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Skaldic Poetry of the Scandinavian Middle Ages

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SnSt Ht 3III

Kari Ellen Gade (ed.) 2017, ‘Snorri Sturluson, Háttatal 3’ in Kari Ellen Gade and Edith Marold (eds), Poetry from Treatises on Poetics. Skaldic Poetry of the Scandinavian Middle Ages 3. Turnhout: Brepols, p. 1107.

Snorri SturlusonHáttatal

text and translation

Úlfs bága verr ægis
ítrbáls hati málu;
sett eru bǫrð fyr bratta
brún Míms vinar rúnu.
Orms váða kann eiðu
allvaldr gǫfugr halda;
menstríðir, njót móður
mellu dólgs til elli.

{Hati {ítrbáls ægis}} verr {málu {bága úlfs}}; bǫrð eru sett fyr bratta brún {rúnu {vinar Míms}}. Gǫfugr allvaldr kann halda {eiðu {váða orms}}; {menstríðir}, njót {móður {dólgs mellu}} til elli.
‘The hater of the precious pyre of the sea [GOLD > GENEROUS MAN] defends the wife of the wolf’s enemy [= Óðinn > = Jǫrð (jǫrð ‘earth’)]; prows are placed before the steep edge of the confidante of Mímir’s <mythical being’s> friend [= Óðinn > = Jǫrð (jǫrð ‘earth’)]. The glorious mighty ruler can hold the mother of the serpent’s harmer [= Þórr > = Jǫrð (jǫrð ‘earth’)]; necklace-destroyer [GENEROUS MAN], enjoy the mother of the giantess’s enemy [= Þórr > = Jǫrð (jǫrð ‘earth’)] until old age.

notes and context

According to the prose commentary, the stanza illustrates rekit ‘extended’ constructions (e.g. kennings with more than two determinants). At first sight, none of the kennings in the stanza appears to be an extended kenning; rather, most of them are tvíkent with two determinants (see SnE 2007, 48). However, it appears from the commentary in Skm (SnE 1998, I, 109) that Snorri indeed regarded ofljóst ‘too transparent’ constructions involving two single homonyms as tvíkent, and hence all the ofljóst constructions with an additional element would fit his definition of rekit (see also Note to [All] below).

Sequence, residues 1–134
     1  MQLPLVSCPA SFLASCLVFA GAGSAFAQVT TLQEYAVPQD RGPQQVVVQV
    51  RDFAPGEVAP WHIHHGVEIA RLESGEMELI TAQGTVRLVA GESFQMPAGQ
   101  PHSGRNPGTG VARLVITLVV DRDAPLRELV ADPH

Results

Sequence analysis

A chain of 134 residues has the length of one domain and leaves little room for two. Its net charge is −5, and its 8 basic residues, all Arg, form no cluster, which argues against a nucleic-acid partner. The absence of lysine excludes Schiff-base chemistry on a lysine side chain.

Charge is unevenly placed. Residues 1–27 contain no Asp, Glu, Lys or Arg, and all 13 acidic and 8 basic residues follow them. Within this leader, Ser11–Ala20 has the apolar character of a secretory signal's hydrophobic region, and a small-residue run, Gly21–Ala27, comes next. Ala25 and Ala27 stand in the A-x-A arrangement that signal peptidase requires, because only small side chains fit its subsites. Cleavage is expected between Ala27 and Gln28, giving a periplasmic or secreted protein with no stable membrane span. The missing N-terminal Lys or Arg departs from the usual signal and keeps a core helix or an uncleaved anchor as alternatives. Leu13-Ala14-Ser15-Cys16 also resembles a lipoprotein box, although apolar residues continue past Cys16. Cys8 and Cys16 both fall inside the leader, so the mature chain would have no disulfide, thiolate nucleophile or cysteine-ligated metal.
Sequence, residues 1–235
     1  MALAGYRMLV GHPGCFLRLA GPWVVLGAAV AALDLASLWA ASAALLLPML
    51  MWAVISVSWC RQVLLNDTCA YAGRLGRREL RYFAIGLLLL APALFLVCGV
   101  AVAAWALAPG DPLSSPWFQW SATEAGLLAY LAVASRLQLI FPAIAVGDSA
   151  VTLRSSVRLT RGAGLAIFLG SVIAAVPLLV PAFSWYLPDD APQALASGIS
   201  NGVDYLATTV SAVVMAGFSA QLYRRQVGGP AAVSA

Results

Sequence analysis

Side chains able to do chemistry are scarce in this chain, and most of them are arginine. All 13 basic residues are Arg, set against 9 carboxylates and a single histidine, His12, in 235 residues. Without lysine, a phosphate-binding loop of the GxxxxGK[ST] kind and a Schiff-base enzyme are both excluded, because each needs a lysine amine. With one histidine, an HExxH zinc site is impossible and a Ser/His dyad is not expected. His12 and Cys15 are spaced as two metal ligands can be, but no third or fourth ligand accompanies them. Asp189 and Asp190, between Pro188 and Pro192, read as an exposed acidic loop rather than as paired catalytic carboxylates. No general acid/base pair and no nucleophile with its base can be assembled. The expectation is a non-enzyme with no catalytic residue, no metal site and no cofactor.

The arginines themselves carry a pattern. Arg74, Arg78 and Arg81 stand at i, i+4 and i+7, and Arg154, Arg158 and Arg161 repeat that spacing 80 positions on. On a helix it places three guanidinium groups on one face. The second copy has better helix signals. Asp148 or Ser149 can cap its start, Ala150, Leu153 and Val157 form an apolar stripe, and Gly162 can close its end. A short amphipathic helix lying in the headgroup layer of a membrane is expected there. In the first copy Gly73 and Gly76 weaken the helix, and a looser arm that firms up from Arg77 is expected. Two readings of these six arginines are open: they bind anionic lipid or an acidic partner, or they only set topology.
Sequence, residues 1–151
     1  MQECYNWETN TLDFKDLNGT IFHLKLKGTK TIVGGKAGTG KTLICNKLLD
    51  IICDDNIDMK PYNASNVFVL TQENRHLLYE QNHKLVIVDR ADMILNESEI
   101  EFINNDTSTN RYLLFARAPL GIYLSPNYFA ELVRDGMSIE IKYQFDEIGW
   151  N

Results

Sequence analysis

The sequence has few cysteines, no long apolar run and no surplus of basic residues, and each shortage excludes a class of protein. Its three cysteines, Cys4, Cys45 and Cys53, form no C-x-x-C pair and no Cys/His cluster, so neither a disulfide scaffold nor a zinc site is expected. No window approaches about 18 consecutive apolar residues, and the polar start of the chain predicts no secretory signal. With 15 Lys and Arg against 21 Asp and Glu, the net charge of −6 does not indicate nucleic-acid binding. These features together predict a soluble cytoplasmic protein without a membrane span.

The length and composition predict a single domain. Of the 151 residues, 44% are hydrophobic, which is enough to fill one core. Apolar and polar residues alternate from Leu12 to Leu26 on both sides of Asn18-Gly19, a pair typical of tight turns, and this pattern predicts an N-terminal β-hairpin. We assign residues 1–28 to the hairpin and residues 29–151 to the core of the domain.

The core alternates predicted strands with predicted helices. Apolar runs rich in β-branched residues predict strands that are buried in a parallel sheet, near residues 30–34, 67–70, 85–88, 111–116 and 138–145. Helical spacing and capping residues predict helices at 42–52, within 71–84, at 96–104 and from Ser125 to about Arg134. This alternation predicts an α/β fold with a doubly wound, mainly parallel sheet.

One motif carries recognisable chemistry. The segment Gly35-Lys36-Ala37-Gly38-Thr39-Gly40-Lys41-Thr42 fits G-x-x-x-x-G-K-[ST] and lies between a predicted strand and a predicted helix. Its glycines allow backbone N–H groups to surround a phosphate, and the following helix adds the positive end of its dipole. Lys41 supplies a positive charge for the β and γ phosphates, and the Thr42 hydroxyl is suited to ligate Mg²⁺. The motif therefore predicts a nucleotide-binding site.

The mss give the following headings: iij. rekit ‘three, extended’ () and rekit (U(47r)). — Throughout the stanza, Snorri employs a series of ofljóst constructions (see Context above), playing on the homonyms Jǫrð (the name of Óðinn’s consort and mother of the god Þórr) and jǫrð ‘earth’. For a similar imagery of a ruler taking possession of or governing the land conceived of as a woman, see Note to Anon Nkt 8/1, 2II, Hfr Hákdr and Frank (1978, 57-60).



Text is based on reconstruction from the base text and variant apparatus and may contain alternative spellings and other normalisations not visible in the manuscript text. Transcriptions may not have been checked and should not be cited.

editions and texts

Skj: Snorri Sturluson, 2. Háttatal 3: AII, 53, BII, 61, Skald II, 36, NN §3260A; SnE 1848-87, I, 600-3, II, 369, 374, III, 111-12, SnE 1879-81, I, 1, 74, II, 3, SnE 1931, 216, SnE 2007, 5; Konráð Gíslason 1895-7, I, 3-4.


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